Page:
Mention Girls Gone Wild to a casual observer of American culture in the early aughts, and it’s likely to elicit nervous laughter or a boob joke.
In 1997, Joe Francis began a venture convincing young women to bare their breasts on video and it made him a fortune. It was all just a bit of risque fun, Francis claimed; liberating for women, like Sixties bra burning, but also sexy for men.
Francis and his cameramen would travel the US, attending and sponsoring parties on beaches and at nightclubs where college-aged women would be partying, celebrating Spring Break or Mardi Gras. In return for a free t-shirt or a baseball cap, Francis would ask women to show them their breasts. Many did. Advertisements for the videos, which were crudely cobbled together clips of nice girls “gone wild”, were then sold as mail-order subscriptions on DVD and VHS.
A cultural phenomenon was born; Francis was riding the wave of reality television’s advent and the normalization of amateur pornography - the kind of videos that made Paris Hilton, Kim Kardashian, Pamela Anderson and Tommy Lee infamous. At its peak, the GGW empire was worth a reported $100m. Francis is today a fugitive living in Mexico, with two arrest warrants open in the US. Through a spokesperson The Independent was told: “Mr. Francis’ attorneys wanted to be clear that all of his legal issues in the United States are long gone, and he’s free to travel to the United States whenever he desires.”
A podcast detailing the rise and fall of the GGW empire, and examining the laundry list of criminal and civil charges against Francis airs in full this week. “Infamous: Inside America’s Biggest Scandals”, is a six-part investigation by journalist and author, Vanessa Grigoriadis. At the heart of GGW, the podcast shows, Francis was not a naughty boy with a childlike fetish for breasts, but a predator and masterful manipulator. His business was based on misogyny and exploitation and it allowed him to abuse dozens of women.
It’s objectively disturbing to watch archive footage now in a post #MeToo era and see older male videographers alongside Francis, egging on young women – some of them minors. Grigoriadis talks about feeling that way herself as a young reporter covering GGW at the peak of its influence. She traveled with Francis and the GGW team in 2002 and describes the scene at a Spring Break party with the film crew as like being on “an acid trip.” On the #MeToo movement, a spokesperson for Francis told The Independent: “Mr. Francis is also happy that the #metoo movement got rid of all the discussing [sic] creepers. Because he has never been one of them. He’s proud to say that and proud to be friends with most of his ex girlfriends to this very day.”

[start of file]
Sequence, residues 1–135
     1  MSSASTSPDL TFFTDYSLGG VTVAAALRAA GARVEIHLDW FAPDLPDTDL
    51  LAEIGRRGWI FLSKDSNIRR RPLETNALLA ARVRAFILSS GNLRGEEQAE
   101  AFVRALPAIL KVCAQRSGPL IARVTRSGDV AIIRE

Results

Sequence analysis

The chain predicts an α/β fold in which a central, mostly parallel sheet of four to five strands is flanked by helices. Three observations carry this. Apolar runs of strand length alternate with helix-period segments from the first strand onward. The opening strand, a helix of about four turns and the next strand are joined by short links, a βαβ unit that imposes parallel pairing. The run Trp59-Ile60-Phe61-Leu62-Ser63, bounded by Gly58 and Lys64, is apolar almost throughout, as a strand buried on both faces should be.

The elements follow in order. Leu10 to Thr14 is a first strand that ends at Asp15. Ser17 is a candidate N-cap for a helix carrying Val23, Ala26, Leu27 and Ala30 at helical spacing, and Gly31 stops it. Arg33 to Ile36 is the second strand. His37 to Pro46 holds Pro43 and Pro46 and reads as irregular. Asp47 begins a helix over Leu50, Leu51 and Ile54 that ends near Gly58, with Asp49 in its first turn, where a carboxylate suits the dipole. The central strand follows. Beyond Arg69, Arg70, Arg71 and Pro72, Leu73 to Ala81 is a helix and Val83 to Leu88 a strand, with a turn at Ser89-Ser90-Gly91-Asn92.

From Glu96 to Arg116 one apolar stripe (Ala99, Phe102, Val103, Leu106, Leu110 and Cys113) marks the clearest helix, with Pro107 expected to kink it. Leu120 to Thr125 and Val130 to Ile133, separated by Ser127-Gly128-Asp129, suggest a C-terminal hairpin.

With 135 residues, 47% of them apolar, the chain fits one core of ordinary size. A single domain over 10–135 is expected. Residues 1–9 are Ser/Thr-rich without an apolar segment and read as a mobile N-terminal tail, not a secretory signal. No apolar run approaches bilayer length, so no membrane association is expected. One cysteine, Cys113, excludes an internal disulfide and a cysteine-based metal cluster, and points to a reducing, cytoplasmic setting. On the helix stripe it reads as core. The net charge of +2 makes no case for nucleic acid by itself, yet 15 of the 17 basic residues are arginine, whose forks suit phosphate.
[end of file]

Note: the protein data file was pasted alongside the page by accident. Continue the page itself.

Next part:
Grigoriadis tells The Independent that Francis has “never really answered for the horrible legacy he left behind.”
“There’s a lot of people, including me, who would like to see some closure to the Joe Francis story. For me this story has always been memorable, disturbing, confusing,” she said.
How willingly GGW was accepted into popular culture is equally baffling, continues Grigoriadis: The brand was featured in rap songs and on mainstream television. It was referenced all over popular media. In 2012 Francis threatened to sue Madonna over her single “Girl Gone Wild” for breach of copyright. Brad Pitt and Justin Timberlake, fans of the enterprise, were photographed wearing GGW trucker hats. Francis owned the seedy side of Hollywood celebrity, but he was embraced by its more mainstream members too.
From asking women to flash their breasts at parties, Francis progressed to taking girls to the back room of a large tour bus that he used to travel the country. Many of the women who flashed for GGW reported being pressured women to perform sex acts on camera. Dr Gail Dines, a leading anti-porn scholar – and founder of Culture Reframed, a non-profit that focuses on the hypersexualized landscape children are now exposed to – was an expert witness for two civil cases against Francis. She says of the coercion, “What was really upsetting watching the videos was they actually reminded me of child sexual abuse videos because they [the girls] didn’t know what to do. They got instructions on what to do. Many of these girls that I interviewed were virgins.” Some of those girls were under age which led to Francis pleading no contest to charges of child abuse and prostitution in 2008. Even after being charged with those crimes, Francis was on a radio show making jokes about his ventures. He has likened his two stints in jail – the second was for tax evasion and fraud – to Nelson Mandela’s incarceration.
Throughout all of his exploits, there was always a question of consent.
“Some women flashed willingly,” Grigoriadis says. “Some were egged on by friends. In the case of the girls who were underage at the time, they couldn’t consent as minors,” she says. “Were the women over 18 who agreed to appear on camera aware of the consequences in the moment? That seems unlikely. Nobody in that moment was thinking about that.”
Katinka Blackford Newman is the director of Rich and Shameless: Girls Gone Wild Exposed, a documentary that similarly explored Francis’s empire, and which came out in the US earlier this year. Several women told Blackford Newman that they were filmed without their knowledge or consent. One interviewee, a minor at the time, says she was coerced into making what she describes as a “child pornography film.”